GATA-3 Reporter Plasmids for Revealing Underlying Mechanisms in Breast Cancer
Description of Technology: Scientists at the National Institutes of Health (NIH) have developed GATA-3 gene reporter plasmids that express a green fluorescent protein (GFP) or luciferase reporter protein under the control of a GATA-3 promoter. Cells expressing this plasmid will glow fluorescent green or emit light energy, respectively, if GATA-3 gene expression is activated in the cells. The reporter construct allows cells where GATA-3 gene expression is activated to be isolated and collected for further analysis or be monitored in the host environment.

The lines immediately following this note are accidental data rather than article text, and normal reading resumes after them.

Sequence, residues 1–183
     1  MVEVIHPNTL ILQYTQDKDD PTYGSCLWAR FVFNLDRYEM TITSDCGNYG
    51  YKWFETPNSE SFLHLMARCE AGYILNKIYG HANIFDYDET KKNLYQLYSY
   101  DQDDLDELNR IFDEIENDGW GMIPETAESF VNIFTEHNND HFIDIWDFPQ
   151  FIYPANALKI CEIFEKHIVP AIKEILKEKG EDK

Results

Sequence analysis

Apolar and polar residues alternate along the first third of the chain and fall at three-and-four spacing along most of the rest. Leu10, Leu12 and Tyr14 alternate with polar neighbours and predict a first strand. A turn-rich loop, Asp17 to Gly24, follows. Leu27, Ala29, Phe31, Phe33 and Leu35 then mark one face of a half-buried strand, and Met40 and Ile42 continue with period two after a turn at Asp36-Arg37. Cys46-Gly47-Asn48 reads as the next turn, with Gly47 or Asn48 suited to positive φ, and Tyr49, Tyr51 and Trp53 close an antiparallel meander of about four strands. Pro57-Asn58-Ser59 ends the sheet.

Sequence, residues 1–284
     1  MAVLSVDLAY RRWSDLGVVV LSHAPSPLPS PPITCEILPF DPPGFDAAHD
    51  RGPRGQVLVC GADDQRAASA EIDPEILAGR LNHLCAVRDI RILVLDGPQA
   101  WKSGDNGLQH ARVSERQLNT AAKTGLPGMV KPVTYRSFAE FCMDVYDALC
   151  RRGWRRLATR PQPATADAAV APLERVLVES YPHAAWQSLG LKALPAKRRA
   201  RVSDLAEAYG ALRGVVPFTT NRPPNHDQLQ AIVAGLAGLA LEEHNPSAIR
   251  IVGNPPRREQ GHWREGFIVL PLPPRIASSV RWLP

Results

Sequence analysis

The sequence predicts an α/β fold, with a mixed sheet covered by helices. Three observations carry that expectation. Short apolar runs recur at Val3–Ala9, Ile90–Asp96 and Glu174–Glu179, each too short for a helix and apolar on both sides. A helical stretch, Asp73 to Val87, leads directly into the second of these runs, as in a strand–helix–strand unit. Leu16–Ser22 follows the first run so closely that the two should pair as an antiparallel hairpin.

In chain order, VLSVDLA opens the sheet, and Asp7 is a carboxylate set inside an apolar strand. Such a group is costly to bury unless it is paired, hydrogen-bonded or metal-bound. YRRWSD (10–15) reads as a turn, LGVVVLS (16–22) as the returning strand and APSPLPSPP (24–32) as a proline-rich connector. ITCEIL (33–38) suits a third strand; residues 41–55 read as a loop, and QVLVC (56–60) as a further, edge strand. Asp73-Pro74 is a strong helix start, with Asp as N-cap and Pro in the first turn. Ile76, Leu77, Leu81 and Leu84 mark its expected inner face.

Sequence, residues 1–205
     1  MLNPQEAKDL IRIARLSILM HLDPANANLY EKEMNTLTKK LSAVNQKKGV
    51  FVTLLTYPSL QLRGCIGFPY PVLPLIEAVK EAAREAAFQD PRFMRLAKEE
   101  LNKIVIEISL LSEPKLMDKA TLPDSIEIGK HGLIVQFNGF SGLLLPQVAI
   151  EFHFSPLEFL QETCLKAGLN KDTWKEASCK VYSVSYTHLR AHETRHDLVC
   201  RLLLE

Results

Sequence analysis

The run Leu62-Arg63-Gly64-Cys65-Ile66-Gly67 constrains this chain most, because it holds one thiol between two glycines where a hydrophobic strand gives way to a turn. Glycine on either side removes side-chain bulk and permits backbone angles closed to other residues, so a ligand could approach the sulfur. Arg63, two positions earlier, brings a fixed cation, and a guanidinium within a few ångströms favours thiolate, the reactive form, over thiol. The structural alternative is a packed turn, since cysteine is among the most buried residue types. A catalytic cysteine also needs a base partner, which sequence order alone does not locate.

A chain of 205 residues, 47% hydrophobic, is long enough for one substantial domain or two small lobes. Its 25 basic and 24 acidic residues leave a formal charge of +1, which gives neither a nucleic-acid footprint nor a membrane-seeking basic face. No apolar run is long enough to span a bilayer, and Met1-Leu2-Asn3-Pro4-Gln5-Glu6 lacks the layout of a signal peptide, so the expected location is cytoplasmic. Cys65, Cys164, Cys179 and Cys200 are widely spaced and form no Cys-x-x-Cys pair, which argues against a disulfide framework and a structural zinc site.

GATA-3 is a transcription factor that is highly expressed in several types of cells and is a critical transcription factor for the development of particular lineages of hematopoietic cells and normal mammary luminal epithelium. GATA-3 plays a regulatory role in determining the fate of cells in the hematopoietic systems and the mammary gland. Disruption of GATA-3 expression leads to defects in the development of sub-types of lymphoid cells and luminal mammary epithelial cells. GATA-3 expression is highly associated with luminal sub-types of breast cancer, whereas expression of GATA-3 is low or undetectable in basal subtypes of breast cancer which often have a poor prognosis. Low or limited GATA-3 expression is correlated with larger tumors, increased likelihood of tumor-positive lymph nodes, and predicts an overall poorer clinical outcome compared to patients with higher mammary GATA-3 expression. Researchers believe that a better understanding of GATA-3 function and its dysregulation during the onset and progression of breast cancer will lead to new strategies in diagnosing and treating the disease.